|a game by
|Namco Bandai Games
|XBox 360, Playstation 3 (2009)
|6.5/10, based on 1 review
|9.7/10 - 6 votes
|Rate this game:
|Action Adventure Games, Action Games, Hack and Slash Games, Beat 'em-Up, Samurai Games
Based on the manga and the anime series of the same name, Afro Samurai is a stylish action platformer that blends some of the best elements of 3D beat ‘em ups with character action games and delivers a serviceable game that’s sure to please fans of the character.
Unfortunately, some pesky bugs and repetitive encounters will leave those with no emotional connection to the character feeling disappointed, not because this is a bad game, but because of what it could have been.
The world of Afro Samurai revolves around two headbands: the Number One and the Number Two. Those who possess the Number One headband are considered the ultimate warriors, and can only be challenged by the owner of the Number Two headband. However, the Number Two warrior can be challenged by anyone, meaning that they live their life dealing with tons of people trying to kill them.
Afro is the current owner of the Number Two headband, and he must fight his way to the Number One warrior if he wishes to avenge his father. Most Afro Samurai levels follow a basic outline: first, players will have to deal with some basic platforming, followed by a boss battle at the end. Think of No More Heroes with more platforming involved.
Unfortunately, this formula gets stale quickly. There’s very little variety in your combat styles to keep you invested in the boss fights, let alone in the stages themselves. For a franchise that depends so much on its stylish action, the combat of the Afro Samurai game seems to be a bit lackluster, to say the least.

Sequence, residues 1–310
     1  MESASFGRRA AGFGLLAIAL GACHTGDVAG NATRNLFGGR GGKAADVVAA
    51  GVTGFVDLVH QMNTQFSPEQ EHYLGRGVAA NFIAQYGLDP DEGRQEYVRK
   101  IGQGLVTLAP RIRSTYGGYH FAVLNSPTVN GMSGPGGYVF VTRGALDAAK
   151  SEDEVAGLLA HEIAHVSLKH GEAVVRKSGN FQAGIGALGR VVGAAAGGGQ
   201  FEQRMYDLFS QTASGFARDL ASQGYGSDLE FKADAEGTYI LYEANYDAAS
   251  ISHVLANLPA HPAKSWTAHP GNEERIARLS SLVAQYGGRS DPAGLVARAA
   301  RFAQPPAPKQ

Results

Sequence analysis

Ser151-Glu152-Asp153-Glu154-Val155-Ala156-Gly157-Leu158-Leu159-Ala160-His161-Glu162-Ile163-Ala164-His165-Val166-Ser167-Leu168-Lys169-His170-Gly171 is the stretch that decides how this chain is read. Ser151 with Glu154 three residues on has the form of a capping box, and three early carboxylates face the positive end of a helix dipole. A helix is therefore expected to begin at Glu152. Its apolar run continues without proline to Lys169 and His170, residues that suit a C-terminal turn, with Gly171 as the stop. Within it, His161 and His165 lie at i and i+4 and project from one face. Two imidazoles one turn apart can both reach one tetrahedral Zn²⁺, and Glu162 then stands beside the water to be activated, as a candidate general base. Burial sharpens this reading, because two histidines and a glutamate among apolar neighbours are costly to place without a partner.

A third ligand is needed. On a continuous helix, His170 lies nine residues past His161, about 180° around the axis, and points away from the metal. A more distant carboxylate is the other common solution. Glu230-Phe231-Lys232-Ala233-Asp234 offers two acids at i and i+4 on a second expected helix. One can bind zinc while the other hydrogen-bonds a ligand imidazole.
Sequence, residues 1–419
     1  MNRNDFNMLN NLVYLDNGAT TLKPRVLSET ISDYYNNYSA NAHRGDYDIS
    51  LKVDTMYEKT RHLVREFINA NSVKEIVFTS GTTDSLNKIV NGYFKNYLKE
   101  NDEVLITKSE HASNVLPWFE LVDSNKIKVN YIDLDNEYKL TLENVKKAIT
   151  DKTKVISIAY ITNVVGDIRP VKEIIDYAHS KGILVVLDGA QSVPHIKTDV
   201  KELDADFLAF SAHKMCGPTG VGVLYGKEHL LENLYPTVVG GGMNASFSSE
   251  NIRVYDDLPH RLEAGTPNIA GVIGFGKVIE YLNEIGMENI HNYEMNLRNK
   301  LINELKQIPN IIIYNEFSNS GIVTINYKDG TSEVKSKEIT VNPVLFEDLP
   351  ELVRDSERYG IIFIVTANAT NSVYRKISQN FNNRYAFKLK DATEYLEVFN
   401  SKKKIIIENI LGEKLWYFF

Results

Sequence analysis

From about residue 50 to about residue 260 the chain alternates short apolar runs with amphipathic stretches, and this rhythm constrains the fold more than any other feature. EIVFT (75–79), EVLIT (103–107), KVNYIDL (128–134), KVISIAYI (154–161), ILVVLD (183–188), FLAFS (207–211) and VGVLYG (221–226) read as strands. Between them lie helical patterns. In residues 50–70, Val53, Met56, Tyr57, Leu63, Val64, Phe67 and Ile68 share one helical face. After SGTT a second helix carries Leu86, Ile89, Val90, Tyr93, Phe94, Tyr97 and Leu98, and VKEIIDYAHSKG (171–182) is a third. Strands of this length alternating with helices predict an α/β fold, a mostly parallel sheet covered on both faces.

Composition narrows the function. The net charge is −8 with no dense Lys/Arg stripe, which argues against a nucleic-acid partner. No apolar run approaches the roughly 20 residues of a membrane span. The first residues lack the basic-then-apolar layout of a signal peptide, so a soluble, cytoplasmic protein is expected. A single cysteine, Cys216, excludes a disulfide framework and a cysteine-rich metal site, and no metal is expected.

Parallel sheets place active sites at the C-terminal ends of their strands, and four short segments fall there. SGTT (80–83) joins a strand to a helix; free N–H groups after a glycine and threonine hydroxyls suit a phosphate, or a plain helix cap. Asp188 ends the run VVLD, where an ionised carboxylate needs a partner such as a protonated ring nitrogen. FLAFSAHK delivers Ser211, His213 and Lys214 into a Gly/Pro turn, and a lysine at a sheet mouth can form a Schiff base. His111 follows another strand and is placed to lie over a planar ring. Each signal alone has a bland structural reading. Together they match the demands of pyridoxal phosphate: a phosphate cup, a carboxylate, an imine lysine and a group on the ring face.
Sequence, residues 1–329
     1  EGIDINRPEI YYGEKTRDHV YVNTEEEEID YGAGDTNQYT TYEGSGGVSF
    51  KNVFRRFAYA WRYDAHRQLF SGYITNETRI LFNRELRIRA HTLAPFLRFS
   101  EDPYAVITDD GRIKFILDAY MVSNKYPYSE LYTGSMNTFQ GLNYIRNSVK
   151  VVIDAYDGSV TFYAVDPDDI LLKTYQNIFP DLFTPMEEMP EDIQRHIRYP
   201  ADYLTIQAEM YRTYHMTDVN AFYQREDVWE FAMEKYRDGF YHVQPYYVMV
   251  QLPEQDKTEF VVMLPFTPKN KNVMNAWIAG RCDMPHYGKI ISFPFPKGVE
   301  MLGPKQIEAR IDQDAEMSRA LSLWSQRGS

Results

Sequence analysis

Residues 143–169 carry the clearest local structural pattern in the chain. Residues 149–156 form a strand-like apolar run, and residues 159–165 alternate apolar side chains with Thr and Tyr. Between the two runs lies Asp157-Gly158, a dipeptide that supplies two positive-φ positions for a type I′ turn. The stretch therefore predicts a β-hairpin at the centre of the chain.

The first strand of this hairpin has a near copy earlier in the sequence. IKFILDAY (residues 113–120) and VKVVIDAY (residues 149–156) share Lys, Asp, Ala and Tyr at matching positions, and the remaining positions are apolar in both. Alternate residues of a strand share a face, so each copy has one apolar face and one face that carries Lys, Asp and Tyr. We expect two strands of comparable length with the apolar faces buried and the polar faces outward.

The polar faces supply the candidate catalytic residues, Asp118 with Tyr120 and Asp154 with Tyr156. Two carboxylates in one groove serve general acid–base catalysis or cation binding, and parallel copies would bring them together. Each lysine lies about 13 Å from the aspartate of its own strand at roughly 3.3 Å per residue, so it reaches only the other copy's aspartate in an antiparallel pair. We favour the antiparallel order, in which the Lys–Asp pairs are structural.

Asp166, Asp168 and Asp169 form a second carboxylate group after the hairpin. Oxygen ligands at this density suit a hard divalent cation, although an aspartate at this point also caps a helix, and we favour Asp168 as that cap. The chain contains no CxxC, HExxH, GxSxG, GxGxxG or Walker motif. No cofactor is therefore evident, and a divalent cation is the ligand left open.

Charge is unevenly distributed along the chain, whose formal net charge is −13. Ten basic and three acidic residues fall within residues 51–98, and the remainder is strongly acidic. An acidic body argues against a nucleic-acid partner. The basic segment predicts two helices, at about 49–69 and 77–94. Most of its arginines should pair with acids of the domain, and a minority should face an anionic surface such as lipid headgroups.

Straight from the Anime
Imagine if Ninja Gaiden Sigma were to become a cel-shaded game; that’s precisely what Afro Samurai looks like. The art direction here is top-notch, easily becoming the game’s strongest feature.
The gorgeous visual style elevates the combat system, featuring some intricate effects and satisfying gore mechanics. As repetitive as it may be, the pure visual impact created by the cel-shaded style will keep you immersed throughout the whole experience.
Also worth mentioning is that Afro Samurai approaches the HUD situation similarly to EA’s Dead Space; that is, there’s no HUD or other visual cues present on-screen at any given time. Instead, players will have to pay close attention to Afro’s silhouette, as it begins turning red as he takes damage.
The same thing happens with Afro’s foes: it’s all about the small visual cues for Afro Samurai, and that’s something that’s not commonly seen in this type of game. If anything, Namco Bandai Games dedication to delivering a pure, uninterrupted action experience is something to be commended.
Finally, we can’t review Afro Samurai without mentioning its outstanding sound design. From its superb voice acting to its amazing soundtrack, Afro Samurai is an acoustic delight. Some big-name actors have provided their vocal talents for this title, including Samuel L. Jackson, Kelly Hu, and Ron Perlman.
The game’s soundtrack was created by RZA, founder of the Wu-Tang Clan. The oriental-inspired hip-hop tracks blend perfectly with the game’s visual style, making the whole experience feel like a manga brought to life.
Afro Samurai is an excellent action game for the most part, with its only negatives being how quickly its novelty fades away. The lack of variety can severely affect your overall experience with the game, even though the visual style and its soundtrack are some of the best for a character action game.
- Stylish visuals and funky soundtrack
- Engaging story
- Fun boss battles
- Unresponsive controls
- Several bugs
- Repetitive combat